Do I Have a Tooth Fracture?

Your teeth are strong, durable fixtures within your mouth that bite, tear, grind, and chew food. Normally, teeth endure this wear and tear without issue, but under high levels of pressure, a tooth might accidentally chip, crack, or fracture. If this occurs, the tooth could be in danger of decay, infections, and other problems.

You will need to see your dentist right away in the event of a broken tooth. Unlike bones, teeth cannot heal on their own. Call your dentist for an emergency evaluation and swift treatment of a fractured tooth.

You can feel more confident reaching out to your dentist when you know more about tooth breakage and its potential consequences. Read on to learn more about this dental injury, including symptoms and treatments.

Do I Have a Tooth Fracture

Signs of a Broken Tooth

When you fracture a tooth, you can often see a visible chip or crack in the surface of the tooth. Without urgent treatment, this breakage will deepen and worsen. You may even see dark discoloration near the dental injury.

Oftentimes, the primary indicator of a tooth fracture is oral pain. You might feel a constant toothache that worsens when you bite or chew on that tooth. Intermittent sharp, throbbing pain could also point to a broken tooth.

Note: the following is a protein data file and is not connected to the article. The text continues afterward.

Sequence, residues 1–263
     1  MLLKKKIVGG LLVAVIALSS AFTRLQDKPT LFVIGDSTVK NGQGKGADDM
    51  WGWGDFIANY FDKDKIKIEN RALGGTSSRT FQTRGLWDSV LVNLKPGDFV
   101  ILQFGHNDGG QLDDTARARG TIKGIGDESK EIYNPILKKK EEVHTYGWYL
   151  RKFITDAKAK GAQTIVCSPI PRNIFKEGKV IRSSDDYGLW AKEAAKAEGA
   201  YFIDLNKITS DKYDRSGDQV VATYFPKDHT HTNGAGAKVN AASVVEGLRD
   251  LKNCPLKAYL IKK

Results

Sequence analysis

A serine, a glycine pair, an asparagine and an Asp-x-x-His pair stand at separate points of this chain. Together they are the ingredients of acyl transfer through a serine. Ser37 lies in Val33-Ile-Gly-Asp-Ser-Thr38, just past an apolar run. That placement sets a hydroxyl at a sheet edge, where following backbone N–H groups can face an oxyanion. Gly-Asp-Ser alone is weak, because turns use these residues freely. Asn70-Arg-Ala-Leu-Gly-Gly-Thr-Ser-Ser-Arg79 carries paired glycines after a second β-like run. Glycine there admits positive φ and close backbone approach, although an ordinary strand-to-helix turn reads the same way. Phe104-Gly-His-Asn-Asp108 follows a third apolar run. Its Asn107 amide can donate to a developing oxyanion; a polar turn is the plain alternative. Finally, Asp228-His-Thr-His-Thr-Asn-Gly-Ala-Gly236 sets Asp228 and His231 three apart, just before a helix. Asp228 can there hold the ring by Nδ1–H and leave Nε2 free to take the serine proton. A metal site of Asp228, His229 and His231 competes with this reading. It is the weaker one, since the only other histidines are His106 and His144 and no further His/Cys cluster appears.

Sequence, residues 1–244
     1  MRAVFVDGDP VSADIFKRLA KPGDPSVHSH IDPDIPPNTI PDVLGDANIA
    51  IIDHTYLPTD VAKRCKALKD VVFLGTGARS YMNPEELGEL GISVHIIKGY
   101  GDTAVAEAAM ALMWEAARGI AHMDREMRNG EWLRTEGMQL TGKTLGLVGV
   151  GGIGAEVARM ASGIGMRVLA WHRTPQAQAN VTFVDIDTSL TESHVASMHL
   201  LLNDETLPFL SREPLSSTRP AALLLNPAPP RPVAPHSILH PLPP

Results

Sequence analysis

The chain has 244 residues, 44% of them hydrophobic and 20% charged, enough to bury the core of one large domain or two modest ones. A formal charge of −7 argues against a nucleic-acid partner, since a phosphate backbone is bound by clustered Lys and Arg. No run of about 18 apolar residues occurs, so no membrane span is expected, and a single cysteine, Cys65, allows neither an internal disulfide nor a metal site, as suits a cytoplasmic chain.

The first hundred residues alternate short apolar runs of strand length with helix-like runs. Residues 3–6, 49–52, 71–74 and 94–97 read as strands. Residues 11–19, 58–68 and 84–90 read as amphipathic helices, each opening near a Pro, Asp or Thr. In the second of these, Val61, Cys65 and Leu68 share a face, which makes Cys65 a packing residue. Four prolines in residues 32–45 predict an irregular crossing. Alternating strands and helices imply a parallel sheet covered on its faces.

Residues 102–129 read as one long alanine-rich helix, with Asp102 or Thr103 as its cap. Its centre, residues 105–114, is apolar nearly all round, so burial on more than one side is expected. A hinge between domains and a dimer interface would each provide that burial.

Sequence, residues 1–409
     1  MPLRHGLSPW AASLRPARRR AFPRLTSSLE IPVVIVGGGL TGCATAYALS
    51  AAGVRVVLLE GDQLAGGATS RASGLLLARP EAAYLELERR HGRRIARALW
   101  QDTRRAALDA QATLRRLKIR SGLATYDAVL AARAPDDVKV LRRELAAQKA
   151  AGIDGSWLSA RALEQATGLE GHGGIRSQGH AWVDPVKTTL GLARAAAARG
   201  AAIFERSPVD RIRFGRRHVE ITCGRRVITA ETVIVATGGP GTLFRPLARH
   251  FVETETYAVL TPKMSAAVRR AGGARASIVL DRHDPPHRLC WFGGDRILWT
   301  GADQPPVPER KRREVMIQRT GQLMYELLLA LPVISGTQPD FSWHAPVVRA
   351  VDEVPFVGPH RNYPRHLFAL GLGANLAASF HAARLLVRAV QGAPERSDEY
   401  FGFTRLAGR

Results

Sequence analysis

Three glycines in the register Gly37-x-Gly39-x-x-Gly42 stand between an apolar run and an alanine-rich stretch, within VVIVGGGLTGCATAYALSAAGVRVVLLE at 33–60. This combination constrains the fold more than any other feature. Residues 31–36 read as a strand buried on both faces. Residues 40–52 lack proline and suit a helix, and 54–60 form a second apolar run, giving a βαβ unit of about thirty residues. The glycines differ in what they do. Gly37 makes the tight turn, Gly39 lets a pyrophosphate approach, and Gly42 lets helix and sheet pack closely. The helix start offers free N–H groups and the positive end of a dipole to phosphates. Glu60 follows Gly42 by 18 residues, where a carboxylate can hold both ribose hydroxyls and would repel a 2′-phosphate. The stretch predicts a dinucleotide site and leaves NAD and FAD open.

Patients with a fractured tooth may also feel tooth sensitivity. This happens because the protective enamel sustains damage that exposes underlying nerves within the tooth. Stimulation from external elements touches these nerves which generates tooth sensitivity pain. Pain of any kind is abnormal and will warrant attention from a dentist.

You might also see swelling in the mouth and jaw near this dental injury. However, sometimes a tooth fracture does not exhibit noticeable symptoms at all. Contact your dentist if you suspect you broke a tooth to ensure you receive the treatment that you need.

Treatment Options for a Dental Fracture

Treatment may vary depending on the severity of your dental fracture. The dentist will perform a visual exam of the injured tooth, but they will also want to use x-ray imaging to determine how deep the fracture goes into the tooth.

A crack in the cusp, the visible portion of the tooth above the gumline, might require a dental crown to cover and shield the injury. This will restore the appearance and function of the tooth while also stopping further harm from impacting the tooth.

A fracture that extends to the root of the tooth below the gumline will need more extensive treatment from your dentist. They may need to do root canal therapy to stop the injury from worsening.

More severe injuries that affect the root of the tooth might require extraction of the tooth. In some cases, the dentist might only need to remove part of the tooth, but you may need the entire tooth pulled to stop damage from spreading to other places in your mouth.

Discuss your oral health goals as well as your smile aesthetic preferences with your dentist. This way, you can find the best restorative dental solution for your unique smile.